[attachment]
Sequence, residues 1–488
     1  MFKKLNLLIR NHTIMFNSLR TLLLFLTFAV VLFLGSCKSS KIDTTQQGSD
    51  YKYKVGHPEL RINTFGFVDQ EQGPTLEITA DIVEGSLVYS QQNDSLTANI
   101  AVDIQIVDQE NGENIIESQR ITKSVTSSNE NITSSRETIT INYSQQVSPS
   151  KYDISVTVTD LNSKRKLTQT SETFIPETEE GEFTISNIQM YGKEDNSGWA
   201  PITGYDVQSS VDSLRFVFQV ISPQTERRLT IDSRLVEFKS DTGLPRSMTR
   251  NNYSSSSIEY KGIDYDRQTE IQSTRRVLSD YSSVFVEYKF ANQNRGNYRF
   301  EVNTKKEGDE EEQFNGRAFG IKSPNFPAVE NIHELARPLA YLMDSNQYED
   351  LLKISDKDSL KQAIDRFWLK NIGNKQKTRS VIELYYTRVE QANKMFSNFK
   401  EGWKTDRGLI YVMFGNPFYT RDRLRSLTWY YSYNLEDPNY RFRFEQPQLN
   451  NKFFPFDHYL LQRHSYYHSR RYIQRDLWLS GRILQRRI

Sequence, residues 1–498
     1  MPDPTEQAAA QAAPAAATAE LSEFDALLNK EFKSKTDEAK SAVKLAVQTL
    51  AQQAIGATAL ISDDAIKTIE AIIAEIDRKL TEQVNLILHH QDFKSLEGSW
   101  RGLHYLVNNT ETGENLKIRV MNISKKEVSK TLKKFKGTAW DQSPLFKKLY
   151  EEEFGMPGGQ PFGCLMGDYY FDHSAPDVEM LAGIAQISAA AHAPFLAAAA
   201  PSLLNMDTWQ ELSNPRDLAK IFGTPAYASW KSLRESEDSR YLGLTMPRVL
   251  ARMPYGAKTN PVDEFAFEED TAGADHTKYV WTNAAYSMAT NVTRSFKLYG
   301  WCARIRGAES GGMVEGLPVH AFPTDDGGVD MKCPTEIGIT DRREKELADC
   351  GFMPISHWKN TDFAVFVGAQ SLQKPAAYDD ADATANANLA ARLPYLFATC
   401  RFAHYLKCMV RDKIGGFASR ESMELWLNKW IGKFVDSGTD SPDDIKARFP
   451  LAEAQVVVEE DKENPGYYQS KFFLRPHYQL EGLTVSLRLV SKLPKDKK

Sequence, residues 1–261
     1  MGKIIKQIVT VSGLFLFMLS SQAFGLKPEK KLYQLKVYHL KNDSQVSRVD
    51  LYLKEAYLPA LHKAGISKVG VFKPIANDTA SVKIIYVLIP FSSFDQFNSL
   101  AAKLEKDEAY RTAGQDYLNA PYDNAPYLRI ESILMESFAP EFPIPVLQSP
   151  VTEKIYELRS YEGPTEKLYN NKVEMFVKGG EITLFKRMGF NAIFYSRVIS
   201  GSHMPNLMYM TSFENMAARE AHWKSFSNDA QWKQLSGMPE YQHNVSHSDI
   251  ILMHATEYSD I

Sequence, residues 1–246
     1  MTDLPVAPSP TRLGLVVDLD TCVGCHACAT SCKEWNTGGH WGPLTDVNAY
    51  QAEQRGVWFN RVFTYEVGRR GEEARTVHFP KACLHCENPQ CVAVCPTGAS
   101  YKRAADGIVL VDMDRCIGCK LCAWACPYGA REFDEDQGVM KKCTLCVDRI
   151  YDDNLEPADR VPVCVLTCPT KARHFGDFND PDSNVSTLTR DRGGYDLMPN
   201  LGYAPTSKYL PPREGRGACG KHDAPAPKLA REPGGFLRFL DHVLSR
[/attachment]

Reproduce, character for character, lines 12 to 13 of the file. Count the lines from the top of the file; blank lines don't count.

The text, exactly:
Sequence, residues 1–498
     1  MPDPTEQAAA QAAPAAATAE LSEFDALLNK EFKSKTDEAK SAVKLAVQTL